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Sweatshop Labor and the Government Essay

  • Submitted by: brittolivier242
  • on January 5, 2013
  • Category: Social Issues
  • Length: 1,198 words

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Below is an essay on "Sweatshop Labor and the Government" from Anti Essays, your source for research papers, essays, and term paper examples.

Sweatshop labor within the United States was common until 1938 when the Fair Labor Standards Act was introduced. ("Fair Labor Standards Act of 1938, Amended" 5) After this first intervention, the United States government adopted an anti-sweatshop labor view. Due to sweatshop labor's illegality within the United States, companies began exploiting developing countries that did not have such strict labor laws. The government took up arms against sweatshop labor once again and began pressuring other governments to institute labor laws. The government’s involvement in the anti-sweatshop labor campaign both in the United States and abroad has drastically changed the practice of sweatshop labor to a more ethical business practice.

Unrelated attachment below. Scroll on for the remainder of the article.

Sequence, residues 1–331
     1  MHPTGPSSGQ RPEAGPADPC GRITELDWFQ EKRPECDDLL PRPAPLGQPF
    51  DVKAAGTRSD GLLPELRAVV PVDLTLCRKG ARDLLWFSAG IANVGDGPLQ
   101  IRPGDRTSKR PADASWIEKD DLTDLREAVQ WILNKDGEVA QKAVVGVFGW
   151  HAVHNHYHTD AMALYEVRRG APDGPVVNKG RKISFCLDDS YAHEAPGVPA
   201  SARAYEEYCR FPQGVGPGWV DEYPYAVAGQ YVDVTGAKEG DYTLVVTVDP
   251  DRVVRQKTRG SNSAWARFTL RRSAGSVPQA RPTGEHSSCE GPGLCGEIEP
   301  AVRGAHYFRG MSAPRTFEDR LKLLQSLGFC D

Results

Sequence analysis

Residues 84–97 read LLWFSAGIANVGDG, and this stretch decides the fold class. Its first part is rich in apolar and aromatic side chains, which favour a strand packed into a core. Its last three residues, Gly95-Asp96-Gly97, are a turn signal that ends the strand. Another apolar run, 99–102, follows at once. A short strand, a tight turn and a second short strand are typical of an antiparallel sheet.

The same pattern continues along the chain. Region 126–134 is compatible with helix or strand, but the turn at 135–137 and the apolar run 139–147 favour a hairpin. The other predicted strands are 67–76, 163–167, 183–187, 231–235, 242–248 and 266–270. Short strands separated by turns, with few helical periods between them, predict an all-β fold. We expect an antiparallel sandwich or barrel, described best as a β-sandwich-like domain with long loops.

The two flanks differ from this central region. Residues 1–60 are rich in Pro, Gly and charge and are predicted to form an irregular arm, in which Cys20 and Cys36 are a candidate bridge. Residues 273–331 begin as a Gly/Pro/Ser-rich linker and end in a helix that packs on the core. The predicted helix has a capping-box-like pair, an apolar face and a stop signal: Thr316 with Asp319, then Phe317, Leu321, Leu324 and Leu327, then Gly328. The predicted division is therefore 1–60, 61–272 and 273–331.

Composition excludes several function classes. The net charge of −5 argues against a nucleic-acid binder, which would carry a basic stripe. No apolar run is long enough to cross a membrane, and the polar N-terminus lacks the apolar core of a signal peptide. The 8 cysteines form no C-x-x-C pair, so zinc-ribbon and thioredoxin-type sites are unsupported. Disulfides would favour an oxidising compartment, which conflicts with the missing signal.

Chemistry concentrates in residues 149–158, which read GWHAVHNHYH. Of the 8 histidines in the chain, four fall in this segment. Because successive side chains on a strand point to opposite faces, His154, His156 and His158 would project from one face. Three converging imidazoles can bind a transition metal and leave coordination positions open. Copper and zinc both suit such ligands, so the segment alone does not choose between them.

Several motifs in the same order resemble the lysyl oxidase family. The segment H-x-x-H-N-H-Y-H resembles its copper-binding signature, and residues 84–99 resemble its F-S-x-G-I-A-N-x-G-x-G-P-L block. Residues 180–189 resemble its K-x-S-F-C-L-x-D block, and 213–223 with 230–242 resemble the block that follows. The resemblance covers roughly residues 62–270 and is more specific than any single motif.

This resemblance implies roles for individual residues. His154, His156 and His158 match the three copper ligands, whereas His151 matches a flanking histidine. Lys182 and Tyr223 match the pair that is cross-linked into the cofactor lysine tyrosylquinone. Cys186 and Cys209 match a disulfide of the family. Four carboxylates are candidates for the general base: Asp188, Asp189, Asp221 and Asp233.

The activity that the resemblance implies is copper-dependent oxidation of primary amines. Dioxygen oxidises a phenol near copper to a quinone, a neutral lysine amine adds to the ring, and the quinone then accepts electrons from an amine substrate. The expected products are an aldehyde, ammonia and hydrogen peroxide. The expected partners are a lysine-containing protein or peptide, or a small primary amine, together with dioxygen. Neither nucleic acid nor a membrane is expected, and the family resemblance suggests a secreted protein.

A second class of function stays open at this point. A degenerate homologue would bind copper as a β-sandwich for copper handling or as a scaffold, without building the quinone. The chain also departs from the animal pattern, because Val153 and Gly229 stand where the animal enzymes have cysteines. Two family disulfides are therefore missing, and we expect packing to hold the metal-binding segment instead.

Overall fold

Around the turn of the 20th century, sweatshops within the US were very common. (Rodriguez 61) The United States government became involved in labor issues due to the Triangle Shirtwaist Factory Fire in 1911. (Rodriguez 61) One hundred and forty eight immigrant sweatshop workers were killing in this fire, bringing national attention to sweatshop labor practices. (Rodriguez 61) Immediately, the government began to form legislation to prohibit the unfair labor practices found in sweatshops. The Fair Labor Standards Act of 1938 set a federal minimum wage, overtime pay, prohibited minors under the age of 16 from working, and prohibited minors under the age of 18 from working certain jobs which were considered dangerous. ("Fair Labor Standards Act of 1938, Amended" 5-7) This effectively made child labor illegal and heavily restricted sweatshop labor within the United States. Now finding their practices illegal, larger companies began to move their illegal labor practices abroad.(Brown, Deardorff, Stern 7) Developing countries had much less strict labor laws than the United States and these companies found it easy to exploit them. These companies subcontracted foreign factories to produce their product for a very tiny price.  
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